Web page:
Table of Contents
Who Is It For
To be eligible for Q-1 nonimmigrant classification you are required to participate in an international cultural exchange program accepted by the Secretary of Homeland Security. The ultimate purpose of the cultural exchange program is to provide practical training, sharing the culture, traditions, and history of your home country with the United States.
How to Qualify?
Only qualified employers in the US who control cultural exchange programs, or designated agents they hire on a permanent basis in an executive or managerial level, are permissible to apply for Q nonimmigrants. Q visa classification is to simplify the sharing of international cultures. a cultural portion must be an crucial and integral part of the duties of the applicant. Applicant must be:
- At least 18 years old;
- Eligible to perform the service, labor or coaching; and
- Capable of communicating eloquently about the cultural features of your country to the American public.
Only qualified employers in the US who control cultural exchange programs, or designated agents they hire on a permanent basis in an executive or managerial level, must file Form I-129, Petition for a Nonimmigrant Worker, with the USCIS. Also, along with the position description, the employer must submit sufficient evidence that it maintains a recognized international cultural exchange program. The employer may demonstrate this by attaching copies of brochures and materials that prove that the International Cultural Exchange Visitors Program’s cultural component is designed, generally speaking, to exhibit or explain the history, heritage, philosophy, attitude, customs, traditions, and other cultural norms of the participant’s country of nationality. The employer must also provide strong evidence that the program activities take place in a school, business center or other establishment where the American community, or a segment of the public sharing a common cultural interest, is visible to aspects of an overseas culture as part of a structured program.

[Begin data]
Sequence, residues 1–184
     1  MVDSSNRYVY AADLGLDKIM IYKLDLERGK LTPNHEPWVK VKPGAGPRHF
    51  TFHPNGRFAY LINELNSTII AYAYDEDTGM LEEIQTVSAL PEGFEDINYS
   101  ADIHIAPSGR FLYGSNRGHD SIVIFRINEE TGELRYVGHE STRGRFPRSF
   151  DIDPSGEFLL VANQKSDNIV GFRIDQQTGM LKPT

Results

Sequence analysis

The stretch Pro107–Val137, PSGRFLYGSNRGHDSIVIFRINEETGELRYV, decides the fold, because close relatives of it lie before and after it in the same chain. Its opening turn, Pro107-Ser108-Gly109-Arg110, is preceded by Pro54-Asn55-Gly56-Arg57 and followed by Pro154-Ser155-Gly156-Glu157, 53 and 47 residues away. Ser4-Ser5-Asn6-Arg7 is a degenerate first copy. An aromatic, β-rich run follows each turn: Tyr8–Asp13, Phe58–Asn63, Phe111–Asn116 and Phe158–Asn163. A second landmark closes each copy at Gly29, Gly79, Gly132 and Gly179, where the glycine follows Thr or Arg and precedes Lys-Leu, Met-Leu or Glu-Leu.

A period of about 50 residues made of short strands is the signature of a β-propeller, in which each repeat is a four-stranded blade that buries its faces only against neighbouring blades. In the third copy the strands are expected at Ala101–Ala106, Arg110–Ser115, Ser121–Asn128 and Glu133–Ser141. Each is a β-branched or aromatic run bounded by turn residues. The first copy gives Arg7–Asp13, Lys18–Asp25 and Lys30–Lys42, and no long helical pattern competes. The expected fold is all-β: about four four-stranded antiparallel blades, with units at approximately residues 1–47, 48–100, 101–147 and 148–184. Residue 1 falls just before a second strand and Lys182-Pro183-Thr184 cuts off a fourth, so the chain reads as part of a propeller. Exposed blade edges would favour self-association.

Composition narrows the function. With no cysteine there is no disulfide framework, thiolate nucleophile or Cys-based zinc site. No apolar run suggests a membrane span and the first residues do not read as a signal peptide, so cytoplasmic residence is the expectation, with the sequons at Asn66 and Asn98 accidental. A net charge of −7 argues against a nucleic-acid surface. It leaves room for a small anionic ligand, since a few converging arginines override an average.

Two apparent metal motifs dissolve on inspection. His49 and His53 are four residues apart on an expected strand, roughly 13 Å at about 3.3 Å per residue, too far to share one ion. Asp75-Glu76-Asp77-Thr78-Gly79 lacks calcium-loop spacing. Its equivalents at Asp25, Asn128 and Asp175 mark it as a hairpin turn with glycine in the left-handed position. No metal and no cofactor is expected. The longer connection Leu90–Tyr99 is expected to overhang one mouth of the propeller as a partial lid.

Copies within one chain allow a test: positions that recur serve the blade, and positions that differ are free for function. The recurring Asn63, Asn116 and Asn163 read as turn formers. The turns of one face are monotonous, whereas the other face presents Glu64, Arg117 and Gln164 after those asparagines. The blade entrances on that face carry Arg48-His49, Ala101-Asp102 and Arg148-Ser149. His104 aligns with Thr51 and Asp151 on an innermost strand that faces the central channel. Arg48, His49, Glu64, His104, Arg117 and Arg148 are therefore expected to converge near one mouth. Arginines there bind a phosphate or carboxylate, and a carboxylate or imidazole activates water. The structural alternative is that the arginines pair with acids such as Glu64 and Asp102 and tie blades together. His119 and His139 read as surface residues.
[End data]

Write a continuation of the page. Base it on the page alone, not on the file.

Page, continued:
In addition, the employer must prove that it:
- Has appointed a qualified employee to administer the program and serve as liaison with USCIS;
- business in the United States which is up and running;
- Will offer the overseas visa holder the wages similar to those accorded local workers similarly employed;
- Has the financial capacity to pay off the participant(s), as shown by a copy of the employer’s most recent auditor report, business income tax return or other form of certified accountant’s report.
The following documents are some of the main documents that you must have in order to apply for Q Cultural Exchange visa:
- Your valid passport with 6 months or more validity.
- A photograph meeting the photograph requirements
- Your Form I-797.
- The DS-160 confirmation page with code.
- Receipt copy proving you have paid the necessary fees.
- The visa interview confirmation letter.
- All your educational and job experience documents
- Documents to prove that you intend to return to your home country after completion of the exchange program. You must show your family ties, social ties and other issues to prove that you must return.
The visa application fee for the Q visa is $460.
Q1 Visa Processing Time
The normal processing time for the Q1 visa can vary from 15 days to 3 months. If the US Embassy Officer has too much files to process then it takes more than the usual time. You can contact the Embassy and continue waiting. After the processing time, they will email you to inform you whether you have been approved the visa or not.
When a sponsor from the US petitions for you as an exchange program, they will have to mention about the length of how long the program is. But the visa duration may be up to 15 months maximum. If you are granted 8 months visa, then your US sponsor can apply for an extension by which you may get 7 months visa extension to stay in the US. If you want to apply for your Q Visa again after the expiration of your visa period, you may have to wait at least one year before your second Q visa.
Source: U.S. Department of State